Magnetoencephalography (MEG) measures variations in the magnetic field produced by electric currents generated in the brain. MEG patterns are somewhat less confusing than electroencephalographic (EEG) patterns, but most of MEG studies have been done in a select subset of patients with acquired epileptic aphasia (AEA), often with long-standing disease and prominent sleep-related bisynchronous spike-and-wave discharges.

Vertical-tangential dipole

Paetau et al demonstrated that, in patients with acquired epileptic aphasia, MEG shows a vertical dipole located in the superior surface of the temporal lobe that is 2-3 cm deep. [31] The experiences of other authors (including the author of this article) confirmed this finding. At times, sound triggers the MEG spikes in patients with acquired epileptic aphasia.

Both EEG and MEG are necessary for comprehensive spatial and temporal description of perisylvian epileptic networks in the Landau-Kleffner syndrome (LKS). According to Paetau, "MEG studies suggest that the bilateral epileptic discharges are generated in the auditory- and language-related perisylvian cortex in more than 80% of patients with LKS. About 20% of children with LKS have a unilateral perisylvian pacemaker that triggers secondary bilateral synchrony of spikes, and this 20% may regain considerable language skills after multiple subpial transections (MSTs) of the pacemaker area." [32]

MEG analysis of the bisynchronous discharges of patients with acquired epileptic aphasia shows onset of epileptiform activity over the left temporal region. Patients may have other discharges that start in the left temporal region but a time-linked component on the right temporal region.

The depth, orientation, and spread of the epileptic focus in acquired epileptic aphasia seen on MEG may at least partly explain the apparently contradictory EEG data. EEG recordings may miss data from attenuation of the electrical signal as it passes through the bone, dura mater, subcutaneous tissue, and skin, especially important in relatively deep foci, which are seen in acquired epileptic aphasia.

EEG vs MEG detection of vertical-tangential dipole

Regular EEG may not detect a vertical-tangential dipole such as that seen in acquired epileptic aphasia (on the superior surface of the temporal lobe), but this is actually the best type to be recorded on MEG. Vertical-tangential generators (electrical) produce a magnetic field that goes in and out of the scalp, because the magnetic field circulates around the axis of the electrical dipole. Magnetic fields with this orientation penetrate the magnetometers (gradiometers), producing a recordable signal. Most magnetometers/gradiometers currently used can record only magnetic fields circulating in and out of the skull, because they are oriented radially. The main limitations of MEG are that the apparatus is not widely available, because it is expensive to purchase and maintain.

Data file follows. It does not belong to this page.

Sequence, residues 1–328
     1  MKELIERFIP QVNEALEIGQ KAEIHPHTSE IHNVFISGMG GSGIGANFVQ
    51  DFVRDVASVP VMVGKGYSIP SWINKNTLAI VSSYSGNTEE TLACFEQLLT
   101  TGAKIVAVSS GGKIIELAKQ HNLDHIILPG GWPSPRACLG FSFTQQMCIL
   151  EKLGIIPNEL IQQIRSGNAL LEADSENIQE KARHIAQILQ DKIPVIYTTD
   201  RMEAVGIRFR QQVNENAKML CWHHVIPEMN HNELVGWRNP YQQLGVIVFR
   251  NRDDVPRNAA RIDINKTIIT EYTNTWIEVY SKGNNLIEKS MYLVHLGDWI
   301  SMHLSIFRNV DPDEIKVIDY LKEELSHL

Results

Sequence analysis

MEG may be help in the pre-presurgical evaluation. In a few select cases, MEG may even obviate invasive (depth and subdural grids and strips) evaluation.


BAERs and Behavioral Hearing Tests

Brainstem auditory evoked potentials (BAERs) and behavioral hearing tests (BHTs) should be performed on any child who appears to have language problems.

BHT is performed to check the reaction of a child or toddler to a sound, generally by using positive reinforcement. For example, the child hears a unilateral sound in a semi-dark room, and if he or she turns to it, a bunny toy lights up and plays the drums. BHT can be tuned precisely to pitch and loudness but requires good cooperation from the child or toddler. Patients who have normal cognition can cooperate with BHT by the age of 14-18 months at the earliest.

BAERs are electroencephalographic (EEG) signals generated in the auditory nerve, medulla, and brainstem when one hears a sound. The time-locked potentials are averaged to make readable signals by eliminating the random (ie, non–time-locked) EEG activity. BAER testing requires less cooperation than BHT, but the sound can vary only in loudness, because the pitch used is standard and encompasses only the high frequency of the hearing band.

Sounds can also produce a cortical response, which is more difficult to measure than the one generated in the brainstem. Interest has been focused on cortical potentials. P300 potentials are often abnormal in patients with acquired epileptic aphasia (AEA). Preliminary work with steady-state auditory evoked responses to pulsed frequency modulations of a continuous tone may help in identifying patients with acquired epileptic aphasia. This technique, however, does not help in identifying patients with expressive language dysfunction. Large studies are necessary to confirm the utility of steady-state auditory evoked responses to pulsed frequency modulations.



A few cases of acquired epileptic aphasia (AEA) are secondary to brain tumors, cerebral cysticercosis, demyelination, or head injury. Pascual-Castroviejo et al described 4 cases of acquired epileptic aphasia associated with a cerebral angiographic pattern compatible with arteritis, [33] but their findings have not been reproduced. Moreover, cases of acquired epileptic aphasia without inflammatory changes on the neuropathology have been reported.

Most patients with acquired epileptic aphasia have no clear etiology for the aphasia, abnormal electroencephalography (EEG), and seizures. One autopsy study of patients with developmental dysphasia showed patterns similar to those seen in patients with dyslexia, including symmetry of the planum temporale, dysplasia of the insular cortex, poor lamination, neuronal rarefaction, and gliosis. One patient with congenital aphasia and complex cardiac malformation (transposition of the great vessels, ventricular septal defect with an overriding pulmonary artery) had bilateral old atrophic lesions over the opercula, insulae, and central regions.